In August of 2011, about one-quarter (7,000) of San Francisco’s 28,800 metered parking spaces in eight pilot areas (and in 15 of 20 city-owned parking garages) started using dynamic, demand-responsive meter pricing to “open up parking spaces on each block and reduce circling and double-parking,” according to the website of the pilot project, known as SFpark. SFpark uses “smart meters” and ground sensors to measure parking occupancy and adjusts prices accordingly.
In pilot areas, meter pricing for street parking range from between 25 cents an hour to a maximum of $6 an hour, depending on demand. Hourly rates in city-owned garages adjust to demand, and decrease where there are many empty spaces. Rates are adjusted by no more than 50 cents per hour down or 25 cents per hour up, and no more frequently than once every month.
Now that SFpark has about two years of parking data from the pilot program, some of the major findings have recently been published in the Journal of the American Planning Association in an article titled “Getting the Prices Right: An Evaluation of Pricing Parking by Demand in San Francisco.” Some of the results are summarized here at the SF StreetsBlog, including the following:
1. UCLA urban planning professor Donald Shoup (the “guru of smart parking policy” and one of the co-authors of the study along with UCLA doctoral student Gregory Pierce) said, “The biggest surprise I got was that prices went up and down, but overall, they stayed the same [on average]. The average price actually declined by 1 percent. That surprised everybody. People thought it was just a way to jack up prices, but the city specifically said, ‘We are going to set prices according to this principle.’”
2. The pilot program is providing hard evidence that raising and lowering meter prices is an effective way to keep enough parking spots available for drivers who need them — and to help ensure too many spots don’t sit empty. Keeping, say, one parking spot open on every block “will make the transportation work best — it’ll reduce cruising, speed up buses, reduce air pollution,” said Shoup. “It’s easy to explain a goal like that — we’re aiming at what you want to see.”
3. The “elasticity” of parking demand — the degree to which price changes affect parking occupancy — has varied across different locations and times of day (due to different trip purposes, they surmise), and that drivers changed their behavior most profoundly after the second price adjustment, possibly due to a spike in awareness of the program. As prices have been refined, elasticity has declined.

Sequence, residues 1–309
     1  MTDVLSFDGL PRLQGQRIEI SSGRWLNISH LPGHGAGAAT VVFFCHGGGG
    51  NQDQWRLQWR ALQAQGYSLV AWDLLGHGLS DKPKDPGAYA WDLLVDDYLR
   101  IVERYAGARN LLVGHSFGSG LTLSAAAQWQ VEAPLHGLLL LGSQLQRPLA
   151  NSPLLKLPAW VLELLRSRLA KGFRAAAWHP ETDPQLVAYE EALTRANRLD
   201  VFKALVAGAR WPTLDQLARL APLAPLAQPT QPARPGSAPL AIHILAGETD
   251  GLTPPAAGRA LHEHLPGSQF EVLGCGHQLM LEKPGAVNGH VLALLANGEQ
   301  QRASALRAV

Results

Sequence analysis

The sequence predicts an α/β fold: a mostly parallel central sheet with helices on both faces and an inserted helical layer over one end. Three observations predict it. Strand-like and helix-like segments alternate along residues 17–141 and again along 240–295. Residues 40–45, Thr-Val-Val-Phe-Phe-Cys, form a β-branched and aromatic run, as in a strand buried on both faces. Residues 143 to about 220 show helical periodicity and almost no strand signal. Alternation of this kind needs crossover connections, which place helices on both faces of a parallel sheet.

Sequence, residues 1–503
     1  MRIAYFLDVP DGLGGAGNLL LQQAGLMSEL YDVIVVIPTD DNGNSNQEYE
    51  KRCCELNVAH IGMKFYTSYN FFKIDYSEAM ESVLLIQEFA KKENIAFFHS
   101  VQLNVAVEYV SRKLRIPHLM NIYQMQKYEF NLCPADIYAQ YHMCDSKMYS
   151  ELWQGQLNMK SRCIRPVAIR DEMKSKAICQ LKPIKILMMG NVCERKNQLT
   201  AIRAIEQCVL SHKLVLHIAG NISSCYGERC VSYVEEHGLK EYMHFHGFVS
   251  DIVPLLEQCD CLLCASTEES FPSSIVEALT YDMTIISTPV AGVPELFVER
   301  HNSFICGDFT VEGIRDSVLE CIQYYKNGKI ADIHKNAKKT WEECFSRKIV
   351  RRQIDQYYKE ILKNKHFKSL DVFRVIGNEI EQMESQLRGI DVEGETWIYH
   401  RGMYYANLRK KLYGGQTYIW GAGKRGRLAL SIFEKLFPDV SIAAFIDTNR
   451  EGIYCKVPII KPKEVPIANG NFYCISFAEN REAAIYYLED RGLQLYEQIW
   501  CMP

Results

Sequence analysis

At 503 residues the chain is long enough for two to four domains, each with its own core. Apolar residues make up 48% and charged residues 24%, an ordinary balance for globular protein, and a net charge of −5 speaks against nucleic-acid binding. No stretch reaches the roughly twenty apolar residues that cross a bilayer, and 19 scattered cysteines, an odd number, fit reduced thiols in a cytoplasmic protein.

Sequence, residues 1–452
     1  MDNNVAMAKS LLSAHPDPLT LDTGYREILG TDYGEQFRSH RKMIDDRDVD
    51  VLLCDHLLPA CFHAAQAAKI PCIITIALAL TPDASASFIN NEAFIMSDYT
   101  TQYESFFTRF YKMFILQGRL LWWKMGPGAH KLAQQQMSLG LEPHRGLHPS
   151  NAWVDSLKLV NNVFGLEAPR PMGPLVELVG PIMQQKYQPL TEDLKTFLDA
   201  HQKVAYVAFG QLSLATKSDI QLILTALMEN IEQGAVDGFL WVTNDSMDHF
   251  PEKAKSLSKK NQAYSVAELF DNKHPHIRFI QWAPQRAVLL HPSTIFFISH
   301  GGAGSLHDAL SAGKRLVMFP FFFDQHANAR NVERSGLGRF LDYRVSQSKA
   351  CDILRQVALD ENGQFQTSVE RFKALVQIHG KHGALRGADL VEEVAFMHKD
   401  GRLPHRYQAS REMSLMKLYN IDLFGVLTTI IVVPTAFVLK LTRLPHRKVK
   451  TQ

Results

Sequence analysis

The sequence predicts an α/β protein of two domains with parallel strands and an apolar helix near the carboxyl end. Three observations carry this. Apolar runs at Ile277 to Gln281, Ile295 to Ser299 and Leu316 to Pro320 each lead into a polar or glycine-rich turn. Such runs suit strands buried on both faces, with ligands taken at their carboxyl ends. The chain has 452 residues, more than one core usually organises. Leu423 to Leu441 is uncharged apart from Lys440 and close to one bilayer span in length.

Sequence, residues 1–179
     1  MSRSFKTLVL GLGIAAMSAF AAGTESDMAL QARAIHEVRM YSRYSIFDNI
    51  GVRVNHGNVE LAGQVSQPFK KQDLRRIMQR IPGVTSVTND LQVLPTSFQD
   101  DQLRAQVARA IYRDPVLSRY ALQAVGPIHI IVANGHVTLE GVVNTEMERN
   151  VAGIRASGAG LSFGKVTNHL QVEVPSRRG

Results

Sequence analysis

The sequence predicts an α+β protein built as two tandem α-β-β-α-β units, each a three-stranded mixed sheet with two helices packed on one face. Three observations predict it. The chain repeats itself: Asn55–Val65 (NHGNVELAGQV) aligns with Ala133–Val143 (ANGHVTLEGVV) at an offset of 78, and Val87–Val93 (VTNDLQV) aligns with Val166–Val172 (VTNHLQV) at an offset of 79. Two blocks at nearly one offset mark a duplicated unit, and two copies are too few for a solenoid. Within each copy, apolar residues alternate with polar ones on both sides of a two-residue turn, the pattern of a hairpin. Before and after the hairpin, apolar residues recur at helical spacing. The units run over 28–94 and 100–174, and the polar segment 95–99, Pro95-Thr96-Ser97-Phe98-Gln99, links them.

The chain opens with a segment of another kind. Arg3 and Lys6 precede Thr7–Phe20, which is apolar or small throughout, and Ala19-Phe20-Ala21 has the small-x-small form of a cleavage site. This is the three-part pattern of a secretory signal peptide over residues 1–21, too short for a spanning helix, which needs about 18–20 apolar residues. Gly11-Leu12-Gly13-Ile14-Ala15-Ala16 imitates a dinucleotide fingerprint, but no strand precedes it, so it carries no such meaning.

4. By location, prices appeared to have the lowest impact in highly residential neighborhoods like the Mission and the Marina, while retail districts like Fisherman’s Wharf and the Fillmore saw the most drastic adjustments to new prices (see top elasticity chart above).
5. Drivers were most sensitive to changes in parking prices in the early afternoon (noon to 3 p.m.) than before noon or after 3 p.m., and were more price sensitive on weekdays than during the weekend (see bottom chart above).
From the study’s conclusion:
With performance-parking prices, drivers will find places to park their cars just as easily as they find places to buy gasoline. But drivers will also have to think about the price of parking just as they now think about the prices of fuel, tires, insurance, registration, repairs, and cars themselves. Parking will become a part of the market economy, and prices will help manage the demand for cars and driving.
If SFpark succeeds in setting prices to achieve the right occupancy for curb parking, almost everyone will benefit. Other cities can then adopt their own versions of performance-parking prices. Getting the prices for curb parking right can do a world of good.
MP: The economic lesson here is that: a) whenever you have chronic congestion (or a chronic shortage or parking spaces) it’s almost always because of a failure to apply market pricing, and b) market pricing will almost always eliminate or reduce chronic congestion (or chronic shortages of parking spaces).